It takes a lot of experimentation with flash tube length to get proper burn and pressure curve. If tube is too long then primer force starts bullet moving instead of powder column ignition. If pressure curve is too low then neck doesn't seal properly but by fitting necks to chamber without distorting projectiles it allows for slightly longer tube. Takes a ton of head scratching, study of ballistics and powder burn characteristics plus a whole bunch of experimenting. Luckily when mash 500 cases will get about four to six groups of 50 with matching internal capacity so can keep each group segregated once measure capacity and let the small groups eventually happen. I am the same guy that fixes inconstincies in match bullets then groups by weight before they are loaded also. When you start using superglue to help keep primers from backing out on hot loads it's another sign of being OCD, obsessive compulsive and all those other behaviour oddities as well.

Edit to add photos. This is a typically modified case with flashtube:



These were made commercially in the 1970's at rumoured initial request of Elmer Keith, P.O. Ackley or another well known shooter/writer. They were initially made for a 30-06 Duplex ammunition loading project. Would love to find someone who would make me a hundred or so as would simplify the process.

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Old December 08, 2018, 11:56   #21
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Actually, the front ignition 'flash tube' cartridge was the brain child of R.E. Gibbs and the Gibbs line of rifles and cartridges in the 50's..
Unless he copied it from somebody earlier too..In any case, it was a gimic that didnt prove worth popcorn burp in the long run.
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Old December 08, 2018, 18:53   #22
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Actually, the front ignition 'flash tube' cartridge was the brain child of R.E. Gibbs and the Gibbs line of rifles and cartridges in the 50's..
Unless he copied it from somebody earlier too..In any case, it was a gimic that didnt prove worth popcorn burp in the long run.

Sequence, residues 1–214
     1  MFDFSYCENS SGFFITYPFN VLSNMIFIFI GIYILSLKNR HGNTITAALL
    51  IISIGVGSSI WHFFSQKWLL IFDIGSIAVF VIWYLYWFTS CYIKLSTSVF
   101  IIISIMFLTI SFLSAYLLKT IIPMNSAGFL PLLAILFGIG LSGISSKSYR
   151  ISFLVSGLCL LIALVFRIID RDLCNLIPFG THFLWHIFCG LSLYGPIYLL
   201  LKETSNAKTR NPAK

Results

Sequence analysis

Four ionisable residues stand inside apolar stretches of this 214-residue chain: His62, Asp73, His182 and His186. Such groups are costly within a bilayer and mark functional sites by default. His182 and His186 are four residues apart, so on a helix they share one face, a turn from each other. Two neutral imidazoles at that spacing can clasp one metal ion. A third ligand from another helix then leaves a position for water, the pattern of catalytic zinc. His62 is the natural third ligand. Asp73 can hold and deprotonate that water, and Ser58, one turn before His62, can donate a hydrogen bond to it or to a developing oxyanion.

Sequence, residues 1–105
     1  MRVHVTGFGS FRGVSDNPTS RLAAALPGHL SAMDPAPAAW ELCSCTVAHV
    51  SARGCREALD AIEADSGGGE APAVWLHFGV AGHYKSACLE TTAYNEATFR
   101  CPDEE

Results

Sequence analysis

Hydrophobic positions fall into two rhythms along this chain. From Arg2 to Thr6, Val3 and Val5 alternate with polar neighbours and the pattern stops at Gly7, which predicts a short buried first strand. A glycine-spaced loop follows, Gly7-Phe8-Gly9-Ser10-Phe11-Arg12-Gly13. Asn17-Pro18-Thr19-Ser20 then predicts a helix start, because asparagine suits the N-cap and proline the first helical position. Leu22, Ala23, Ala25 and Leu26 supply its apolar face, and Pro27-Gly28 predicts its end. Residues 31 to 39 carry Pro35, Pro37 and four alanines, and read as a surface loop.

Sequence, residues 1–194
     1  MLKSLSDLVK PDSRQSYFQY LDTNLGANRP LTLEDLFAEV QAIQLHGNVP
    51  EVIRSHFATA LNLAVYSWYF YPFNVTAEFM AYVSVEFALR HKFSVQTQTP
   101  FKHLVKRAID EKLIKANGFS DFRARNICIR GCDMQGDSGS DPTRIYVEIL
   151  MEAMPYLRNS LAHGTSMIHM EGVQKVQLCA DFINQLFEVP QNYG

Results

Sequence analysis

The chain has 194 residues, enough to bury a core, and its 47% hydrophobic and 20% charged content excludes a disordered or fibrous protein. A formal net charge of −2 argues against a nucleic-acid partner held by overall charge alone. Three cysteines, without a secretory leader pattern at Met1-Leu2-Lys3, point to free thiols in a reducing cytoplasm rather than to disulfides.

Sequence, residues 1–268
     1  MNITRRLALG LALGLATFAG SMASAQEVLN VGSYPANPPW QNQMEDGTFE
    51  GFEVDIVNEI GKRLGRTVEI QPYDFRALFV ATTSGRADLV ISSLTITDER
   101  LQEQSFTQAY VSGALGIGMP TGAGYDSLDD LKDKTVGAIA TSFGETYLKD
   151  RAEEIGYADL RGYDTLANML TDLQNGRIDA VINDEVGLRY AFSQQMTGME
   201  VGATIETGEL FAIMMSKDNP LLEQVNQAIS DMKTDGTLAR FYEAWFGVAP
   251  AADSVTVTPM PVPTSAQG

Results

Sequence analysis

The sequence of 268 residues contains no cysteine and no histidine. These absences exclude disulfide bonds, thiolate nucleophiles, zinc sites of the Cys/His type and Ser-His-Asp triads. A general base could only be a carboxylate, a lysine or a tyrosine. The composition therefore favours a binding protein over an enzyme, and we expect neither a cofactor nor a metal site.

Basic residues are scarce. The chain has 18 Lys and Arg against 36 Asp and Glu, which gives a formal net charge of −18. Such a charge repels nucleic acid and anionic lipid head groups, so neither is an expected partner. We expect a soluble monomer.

Results vary. I have had some really good luck using flash tubes and other times accuracy went backwards. Depends on a lot of variables.
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Old December 09, 2018, 06:54   #23
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Results vary. I have had some really good luck using flash tubes and other times accuracy went backwards. Depends on a lot of variables.
Watch your ass...
Besides Rocky Gibbs work, it was also well tested by some big names,,,, like the US Ordnance Dept and Remington ammo, besides a slew of gun experimenters, writers and just plain old gun fags.
At the end of the day, it developed no gain in velocity or accuracy and was finally abandoned because of a tendency to develop erratic pressures.
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Old December 09, 2018, 16:49   #24
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I’m not going out to buy an auto charger to drop short charges in a pan so I can trickle up to my desired precision weight...

My Lyman 55 powder measure has been doing that faster than any auto charger and working fine since the 1960s. ;-)
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Old December 09, 2018, 17:14   #25
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Rather than buying one, you can easily make these out of sheet aluminum and tin snips. I'm pretty sure the baffle in my dad's powder trickler still has the "Coors" logo on it.

The only issue I have with measuring powder drops to the 0.1 grain is the time it takes to trickle it out. When I reload, I can crank out some ammo pretty quickly and usually the only delay is the Lyman autocharger I use.
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Old Yesterday, 00:27   #26
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Watch your ass...
Besides Rocky Gibbs work, it was also well tested by some big names,,,, like the US Ordnance Dept and Remington ammo, besides a slew of gun experimenters, writers and just plain old gun fags.
At the end of the day, it developed no gain in velocity or accuracy and was finally abandoned because of a tendency to develop erratic pressures.
I was trying to reduce Standard Deviation, not increase velocity. Why formed cases with thicker heads and walls plus addition of tubes which lost measurable powder capacity. This was a very specific project for using a 22-250 bolt rifle to shoot against 223 bolt rifles at 100 yards on paper targets when wind was gusting. Just had to be faster than the 223's, not max 22-250 velocity. The three years that informal club match ran my production class 22-250 won most days wind was blustery and shot top five if not top three when wind was still. Rule was 22 caliber production rifle with no visual customization though everyone had modified triggers, hand lapped bolts and more but all rifles looked like they shipped from factory. If wind was totally still was an old geezer who always showed up with a 22 Hornet and spanked the group.